Tough task facing Tseng

When Yani Tseng upstaged the stars and won the LPGA Championship at Bulle Rock last year she was 25th in the World.

When 2008 Rookie of the year Yani Tseng upstaged the stars and won the $2 million McDonald’s LPGA Championship at Bulle Rock last year she was ranked 25th in the World.

This week when she takes on the defence of her first Major title at Bulle Rock again, she will be doing it as the World No 2 and with great memories of her thrilling victory there to drive up her confidence.

As exhilarating as it was, last year’s triumph didn’t come easily. She had to win a four-hole, sudden-death play-off against Sweden’s Maria Hjorth to secure the coveted title.

And it is not likely to come easily again this year.

The field includes all 10 of this year’s LPGA Tour winners and virtually everybody who is anybody in women’s golf – with one notable exception.

Annika Soresnstam, the most prolific winner of majors this century, has “stepped away from golf” to have a baby and won’t be there to stand in Tseng’s way.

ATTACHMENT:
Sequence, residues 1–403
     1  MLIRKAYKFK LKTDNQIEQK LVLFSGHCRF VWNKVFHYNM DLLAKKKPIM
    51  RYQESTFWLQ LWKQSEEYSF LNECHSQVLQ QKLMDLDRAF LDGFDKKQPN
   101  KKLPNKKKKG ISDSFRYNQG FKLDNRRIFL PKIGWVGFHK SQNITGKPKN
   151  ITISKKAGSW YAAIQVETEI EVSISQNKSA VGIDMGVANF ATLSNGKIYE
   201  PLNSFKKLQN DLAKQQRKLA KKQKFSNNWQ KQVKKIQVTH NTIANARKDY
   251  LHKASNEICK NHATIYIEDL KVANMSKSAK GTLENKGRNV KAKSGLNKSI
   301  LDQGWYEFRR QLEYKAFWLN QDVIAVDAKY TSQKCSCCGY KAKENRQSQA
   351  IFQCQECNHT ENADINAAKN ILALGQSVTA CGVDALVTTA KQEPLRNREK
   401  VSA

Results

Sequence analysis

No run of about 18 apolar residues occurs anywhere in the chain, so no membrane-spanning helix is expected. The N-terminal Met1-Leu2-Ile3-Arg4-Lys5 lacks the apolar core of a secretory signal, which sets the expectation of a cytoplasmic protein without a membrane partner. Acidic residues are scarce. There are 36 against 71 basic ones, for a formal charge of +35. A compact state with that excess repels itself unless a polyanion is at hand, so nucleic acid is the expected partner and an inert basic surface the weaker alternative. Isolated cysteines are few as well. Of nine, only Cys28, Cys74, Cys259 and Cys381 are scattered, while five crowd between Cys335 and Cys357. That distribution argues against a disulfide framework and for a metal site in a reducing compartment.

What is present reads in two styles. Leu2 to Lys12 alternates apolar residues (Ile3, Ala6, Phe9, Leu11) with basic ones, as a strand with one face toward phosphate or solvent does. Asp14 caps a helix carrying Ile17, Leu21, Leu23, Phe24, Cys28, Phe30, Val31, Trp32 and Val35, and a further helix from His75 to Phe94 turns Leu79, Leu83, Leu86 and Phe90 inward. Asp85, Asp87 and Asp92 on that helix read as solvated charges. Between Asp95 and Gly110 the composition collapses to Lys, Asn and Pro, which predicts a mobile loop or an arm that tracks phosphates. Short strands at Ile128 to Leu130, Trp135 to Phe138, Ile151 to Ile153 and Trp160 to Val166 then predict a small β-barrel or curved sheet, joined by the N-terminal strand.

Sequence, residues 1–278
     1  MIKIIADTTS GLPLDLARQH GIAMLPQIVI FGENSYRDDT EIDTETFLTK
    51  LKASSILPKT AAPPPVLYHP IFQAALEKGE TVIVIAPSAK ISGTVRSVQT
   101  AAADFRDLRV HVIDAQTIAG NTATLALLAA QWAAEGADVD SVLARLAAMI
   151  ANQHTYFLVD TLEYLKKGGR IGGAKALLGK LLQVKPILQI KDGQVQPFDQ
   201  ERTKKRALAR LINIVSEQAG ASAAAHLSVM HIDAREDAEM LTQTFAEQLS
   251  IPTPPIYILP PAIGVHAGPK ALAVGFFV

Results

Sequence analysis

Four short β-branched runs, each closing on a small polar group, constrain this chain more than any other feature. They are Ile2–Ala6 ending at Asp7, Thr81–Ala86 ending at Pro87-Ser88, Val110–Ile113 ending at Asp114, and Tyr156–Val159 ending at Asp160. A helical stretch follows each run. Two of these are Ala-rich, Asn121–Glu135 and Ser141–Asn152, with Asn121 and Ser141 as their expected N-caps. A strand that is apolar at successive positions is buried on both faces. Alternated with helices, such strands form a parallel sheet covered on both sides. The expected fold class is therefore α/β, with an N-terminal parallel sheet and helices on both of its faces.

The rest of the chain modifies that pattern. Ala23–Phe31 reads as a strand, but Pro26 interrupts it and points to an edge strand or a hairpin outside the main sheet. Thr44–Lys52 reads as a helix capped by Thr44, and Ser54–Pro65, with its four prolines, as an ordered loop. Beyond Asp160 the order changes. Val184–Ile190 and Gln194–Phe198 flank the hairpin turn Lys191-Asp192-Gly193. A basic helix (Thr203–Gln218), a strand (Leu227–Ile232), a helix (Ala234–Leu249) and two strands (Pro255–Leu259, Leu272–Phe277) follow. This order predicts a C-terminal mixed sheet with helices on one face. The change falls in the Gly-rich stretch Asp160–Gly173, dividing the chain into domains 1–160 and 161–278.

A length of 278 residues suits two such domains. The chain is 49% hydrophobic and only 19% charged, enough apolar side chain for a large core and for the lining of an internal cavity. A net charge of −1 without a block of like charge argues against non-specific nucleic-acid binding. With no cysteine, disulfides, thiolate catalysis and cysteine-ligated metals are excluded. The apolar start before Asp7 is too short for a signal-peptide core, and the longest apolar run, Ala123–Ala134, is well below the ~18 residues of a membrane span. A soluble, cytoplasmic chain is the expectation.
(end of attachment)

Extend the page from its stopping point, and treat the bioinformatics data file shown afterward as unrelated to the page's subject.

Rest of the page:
But the new World No 1, Lorena Ochoa, the only multiple winner so far this season – at the Honda LPGA in Thailand and the Corona Championship in Mexico – certainly will be.

And you might say the same thing about the in-form World Nos 3 an 4, Paula Creamer and Cristie Kerr, both of America.

Like Tseng, who won the Corning Classic in May and has had four runner-up finishes, Creamer and Kerr are also title winners who have regularly been strong contenders.

And of course there is always the chance of a seasoned campaigner like Korea’s greatest champion Se Ri Pak, a veteran at the tender age of 31 and the winner of this event in 1998 and 2006, charging home to victory this week on a wave of renewed confidence after her strong come back from the shadows of mediocrity last week when she finished second to her 20-year-old compatriot, In-Kyung Kim, at the LPGA State Farm Classic.

Mind you if the most recent winners of the four women’s Majors mean anything, Tseng’s greatest threats could be young guns like herself – and possibly from South Korea.

Tseng was 19 years and four months when she won at Bulle Rock, South Korean Inbee Park 19 years and 11 months when she claimed the 2008 US Women’s Open, fellow Korean Jiyai Shin 20 years and 3 months, when she secured the 2008 RICOH Women’s British Open and Brittany Lincicome was 23 when she triumphed in this year’s first Major, the Kraft Nabisco Championship.

Wie? Yes she is aged right and has the potential, but will she ever get her head right and her game together like it used to be when she was 14?

She might feature. but there are at least a dozen other contenders who are more than likely to be fighting it out at the top of the leaderboard come Sunday.